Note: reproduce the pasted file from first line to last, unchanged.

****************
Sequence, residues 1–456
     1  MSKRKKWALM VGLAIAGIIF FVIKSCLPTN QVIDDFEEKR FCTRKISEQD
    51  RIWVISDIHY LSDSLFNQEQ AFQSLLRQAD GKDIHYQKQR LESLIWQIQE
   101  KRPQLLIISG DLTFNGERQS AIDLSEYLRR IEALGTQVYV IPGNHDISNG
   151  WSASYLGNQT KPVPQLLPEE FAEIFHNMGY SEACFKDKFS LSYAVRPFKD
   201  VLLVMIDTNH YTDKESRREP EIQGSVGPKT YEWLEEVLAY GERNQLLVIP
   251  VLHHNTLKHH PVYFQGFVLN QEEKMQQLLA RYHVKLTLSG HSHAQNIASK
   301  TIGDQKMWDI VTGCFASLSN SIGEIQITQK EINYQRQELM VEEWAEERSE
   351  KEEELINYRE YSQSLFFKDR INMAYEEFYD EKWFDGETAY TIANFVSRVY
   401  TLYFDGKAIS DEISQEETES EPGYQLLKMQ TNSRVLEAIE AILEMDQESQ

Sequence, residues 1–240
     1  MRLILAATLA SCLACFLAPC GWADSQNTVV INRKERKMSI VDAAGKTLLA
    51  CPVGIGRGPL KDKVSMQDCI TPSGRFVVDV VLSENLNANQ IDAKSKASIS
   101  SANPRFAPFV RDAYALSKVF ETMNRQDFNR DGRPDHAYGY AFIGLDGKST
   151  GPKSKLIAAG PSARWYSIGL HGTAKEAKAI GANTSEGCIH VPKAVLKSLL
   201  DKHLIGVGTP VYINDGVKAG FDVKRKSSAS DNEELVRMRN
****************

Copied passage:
Sequence, residues 1–456
     1  MSKRKKWALM VGLAIAGIIF FVIKSCLPTN QVIDDFEEKR FCTRKISEQD
    51  RIWVISDIHY LSDSLFNQEQ AFQSLLRQAD GKDIHYQKQR LESLIWQIQE
   101  KRPQLLIISG DLTFNGERQS AIDLSEYLRR IEALGTQVYV IPGNHDISNG
   151  WSASYLGNQT KPVPQLLPEE FAEIFHNMGY SEACFKDKFS LSYAVRPFKD
   201  VLLVMIDTNH YTDKESRREP EIQGSVGPKT YEWLEEVLAY GERNQLLVIP
   251  VLHHNTLKHH PVYFQGFVLN QEEKMQQLLA RYHVKLTLSG HSHAQNIASK
   301  TIGDQKMWDI VTGCFASLSN SIGEIQITQK EINYQRQELM VEEWAEERSE
   351  KEEELINYRE YSQSLFFKDR INMAYEEFYD EKWFDGETAY TIANFVSRVY
   401  TLYFDGKAIS DEISQEETES EPGYQLLKMQ TNSRVLEAIE AILEMDQESQ

Sequence, residues 1–240
     1  MRLILAATLA SCLACFLAPC GWADSQNTVV INRKERKMSI VDAAGKTLLA
    51  CPVGIGRGPL KDKVSMQDCI TPSGRFVVDV VLSENLNANQ IDAKSKASIS
   101  SANPRFAPFV RDAYALSKVF ETMNRQDFNR DGRPDHAYGY AFIGLDGKST
   151  GPKSKLIAAG PSARWYSIGL HGTAKEAKAI GANTSEGCIH VPKAVLKSLL
   201  DKHLIGVGTP VYINDGVKAG FDVKRKSSAS DNEELVRMRN